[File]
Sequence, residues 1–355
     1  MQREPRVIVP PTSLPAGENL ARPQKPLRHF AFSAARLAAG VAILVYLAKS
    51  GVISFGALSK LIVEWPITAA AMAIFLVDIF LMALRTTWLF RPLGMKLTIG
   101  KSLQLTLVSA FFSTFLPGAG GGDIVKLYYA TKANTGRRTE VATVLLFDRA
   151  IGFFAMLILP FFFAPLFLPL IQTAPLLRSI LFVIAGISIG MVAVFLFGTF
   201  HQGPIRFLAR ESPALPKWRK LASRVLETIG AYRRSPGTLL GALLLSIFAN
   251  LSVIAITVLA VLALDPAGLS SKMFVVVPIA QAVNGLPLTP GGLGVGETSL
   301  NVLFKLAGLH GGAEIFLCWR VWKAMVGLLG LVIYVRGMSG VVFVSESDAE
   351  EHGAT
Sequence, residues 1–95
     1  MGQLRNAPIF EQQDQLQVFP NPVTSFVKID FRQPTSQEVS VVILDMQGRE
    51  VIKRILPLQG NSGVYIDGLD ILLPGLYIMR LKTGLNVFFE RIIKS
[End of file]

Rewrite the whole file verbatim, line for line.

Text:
Sequence, residues 1–355
     1  MQREPRVIVP PTSLPAGENL ARPQKPLRHF AFSAARLAAG VAILVYLAKS
    51  GVISFGALSK LIVEWPITAA AMAIFLVDIF LMALRTTWLF RPLGMKLTIG
   101  KSLQLTLVSA FFSTFLPGAG GGDIVKLYYA TKANTGRRTE VATVLLFDRA
   151  IGFFAMLILP FFFAPLFLPL IQTAPLLRSI LFVIAGISIG MVAVFLFGTF
   201  HQGPIRFLAR ESPALPKWRK LASRVLETIG AYRRSPGTLL GALLLSIFAN
   251  LSVIAITVLA VLALDPAGLS SKMFVVVPIA QAVNGLPLTP GGLGVGETSL
   301  NVLFKLAGLH GGAEIFLCWR VWKAMVGLLG LVIYVRGMSG VVFVSESDAE
   351  EHGAT
Sequence, residues 1–95
     1  MGQLRNAPIF EQQDQLQVFP NPVTSFVKID FRQPTSQEVS VVILDMQGRE
    51  VIKRILPLQG NSGVYIDGLD ILLPGLYIMR LKTGLNVFFE RIIKS